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Poultney cemetery is rich in Rutland County history

At the close of the Civil War, around 1865, additional land was donated for cemetery expansion by Merritt Clark; he donated five acres of land to the association which had officially formed at that time. Clark was founder of Poultney Bank in 1841. The bank was located inside Clark's home that stood at the corner of Beaman Street (it's now known as the Stonebridge property. Clark was also president of the Rutland and Washington Railroad incorporated in 1847).

Clarks's achievements and contributions were legendary.

Expansion of the Poultney Cemetery Association property was well underway during the late 1900s; acquisition of land on its northeast boundary expanded the site.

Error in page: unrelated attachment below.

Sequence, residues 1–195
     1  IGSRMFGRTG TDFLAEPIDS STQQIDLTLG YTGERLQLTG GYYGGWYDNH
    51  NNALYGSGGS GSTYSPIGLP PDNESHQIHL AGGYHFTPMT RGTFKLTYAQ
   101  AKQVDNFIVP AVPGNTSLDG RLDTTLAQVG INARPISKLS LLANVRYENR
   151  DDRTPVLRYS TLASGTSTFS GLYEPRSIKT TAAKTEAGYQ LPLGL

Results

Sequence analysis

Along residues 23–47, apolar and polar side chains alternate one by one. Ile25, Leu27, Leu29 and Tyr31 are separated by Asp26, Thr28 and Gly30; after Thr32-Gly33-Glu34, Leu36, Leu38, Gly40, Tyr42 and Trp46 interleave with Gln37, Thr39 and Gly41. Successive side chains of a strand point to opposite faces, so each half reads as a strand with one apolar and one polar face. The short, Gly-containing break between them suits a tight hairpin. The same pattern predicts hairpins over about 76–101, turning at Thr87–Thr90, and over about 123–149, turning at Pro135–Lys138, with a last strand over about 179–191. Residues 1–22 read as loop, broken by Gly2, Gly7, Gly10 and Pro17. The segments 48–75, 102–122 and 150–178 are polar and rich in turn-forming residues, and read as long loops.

For years, the Poultney Cemetery was commonly referred to as the Protestant cemetery of the community-it is the largest cemetery in the township resting Protestants of many denominations. It also is the final resting place of the greatest numbers of Poultney's Welsh citizens.

From its entrance from the east side of Beaman Street, the cemetery extends to land at the top of the hillside overlooking the Poultney community (where it abuts to St. Raphael's Catholic Cemetery property, a cemetery owned by St. Raphael's Catholic parish). At this juncture, the roadways within Poultney Cemetery Association's property and St. Raphael's Catholic Cemetery now intersect. For many years, a fence entirely separated the two cemeteries.

The current officers of the Poultney Cemetery Association are Lynn McGann, president, Patricia H. Davenport, secretary/treasurer and directors James Dente, Greg Howard, Emmett Thomas, D. Trevor Hughes, Ethel Contratti and Charlotte Hampl. To volunteer or to get involved in helping Poultney's historic cemetery, contact the Poultney Cemetery Association, P.O. Box 63, Poultney 05764-0063 or call Lynn McGann at 518-282-9676.

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